Certain primitive Yoruba carry about with them boxes covered with cowrie shells, which they treat with special regard. When asked what they are doing, they apparently reply that the boxes are their heads or souls and that they are protecting them against witchcraft. Is that an interesting fact or a bad translation? The question is, I believe, partly philosophical. In what follows, I shall propound and try to solve the philosopher's question, arguing that it has large implications for the theory (...) of Social Anthropology. (shrink)
In the revised and updated edition of this classic introductory text, Martin Hollis leads his readers through the age-old philosophical questions of free choice and human nature, appearance and reality, reason and experience.
There is a simple joy in finding that the emperor has positively no clothes and especially when the finger is pointed in ribald good English. Donald McCloskey does this service in “The Rhetoric of Economics”, where he argues with force and wit that “modernism” (meaning, roughly, positivism, as in “Positive Economics”) will do as an account neither of what economists do nor of what it makes philosophical sense for them to attempt. Instead they should recognize that models are always metaphors (...) and should make a virtue of the literary devices, which they in fact rely on. Armed with the craft of rhetoric and a new “poetics of economics,” they will achieve better writing, better teaching, better foreign relations, better science and better dispositions. (shrink)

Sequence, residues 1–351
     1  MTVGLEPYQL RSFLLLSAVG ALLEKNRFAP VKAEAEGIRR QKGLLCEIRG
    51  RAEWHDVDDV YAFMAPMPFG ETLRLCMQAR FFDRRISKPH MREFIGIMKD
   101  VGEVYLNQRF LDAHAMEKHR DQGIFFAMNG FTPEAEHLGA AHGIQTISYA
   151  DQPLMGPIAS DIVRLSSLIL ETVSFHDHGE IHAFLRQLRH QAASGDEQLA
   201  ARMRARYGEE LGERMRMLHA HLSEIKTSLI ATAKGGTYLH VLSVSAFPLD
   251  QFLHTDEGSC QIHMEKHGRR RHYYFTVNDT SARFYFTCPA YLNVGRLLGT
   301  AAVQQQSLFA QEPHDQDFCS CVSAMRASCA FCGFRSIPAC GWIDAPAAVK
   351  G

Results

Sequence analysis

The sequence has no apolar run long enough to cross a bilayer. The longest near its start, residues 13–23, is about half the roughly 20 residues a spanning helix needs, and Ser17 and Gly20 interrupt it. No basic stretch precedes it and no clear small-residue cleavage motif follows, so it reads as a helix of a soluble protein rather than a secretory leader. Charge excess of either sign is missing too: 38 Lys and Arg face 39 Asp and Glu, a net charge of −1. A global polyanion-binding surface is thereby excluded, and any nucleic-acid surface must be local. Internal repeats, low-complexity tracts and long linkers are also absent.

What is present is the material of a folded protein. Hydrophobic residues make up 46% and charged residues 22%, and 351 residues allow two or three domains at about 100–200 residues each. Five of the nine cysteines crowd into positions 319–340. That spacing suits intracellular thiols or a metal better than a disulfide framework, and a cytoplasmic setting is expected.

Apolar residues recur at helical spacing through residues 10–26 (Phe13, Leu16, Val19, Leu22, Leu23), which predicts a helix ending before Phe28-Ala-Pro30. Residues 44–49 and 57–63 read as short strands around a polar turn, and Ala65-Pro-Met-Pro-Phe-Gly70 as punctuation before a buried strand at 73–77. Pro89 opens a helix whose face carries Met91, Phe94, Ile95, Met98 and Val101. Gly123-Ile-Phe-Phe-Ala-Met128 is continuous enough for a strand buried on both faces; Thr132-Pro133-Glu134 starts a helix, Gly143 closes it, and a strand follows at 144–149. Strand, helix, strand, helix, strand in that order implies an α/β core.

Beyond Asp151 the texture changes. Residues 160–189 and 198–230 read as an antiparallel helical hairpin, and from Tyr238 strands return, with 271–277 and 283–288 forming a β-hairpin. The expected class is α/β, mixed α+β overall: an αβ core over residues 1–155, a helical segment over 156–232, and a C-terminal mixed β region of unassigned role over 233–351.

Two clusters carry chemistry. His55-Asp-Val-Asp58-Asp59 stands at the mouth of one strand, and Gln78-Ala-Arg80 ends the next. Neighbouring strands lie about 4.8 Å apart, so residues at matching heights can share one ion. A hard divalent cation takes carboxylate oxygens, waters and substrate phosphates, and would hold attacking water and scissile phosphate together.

That freedom involves a power to choose is a natural idea. But it requires a model of man which English philosophers have usually rejected. It requires an agent equipped with a will, who is faced with genuine alternatives and is, in some sense, autonomous. So it is rejected both by those, like Hobbes, who hold a strong version of determinism and by those, like Hume, who deny the existence of an autonomous self. The will, says Hobbes, is simply ‘the last (...) appetite in deliberating’. A mind, says Hume, is ‘nothing but a heap or collection of different perceptions, united together by certain relations’. The way is then apparently open for a denial that men ever act freely at all and so for a thoroughly deterministic basis for the social sciences. But this is not the usual conclusion. Hobbes and Hume both agree that there is no conflict between freedom and determinism, once ‘freeedom’ is properly understood. A man is free when he can get what he wants. As Hobbes puts it, ‘liberty is the absence of all impediments to action which are not contained in the nature and intrinsical quality of the agent’. In other words freedom does not involve choice but consists instead in the power to satisfy desire. (shrink)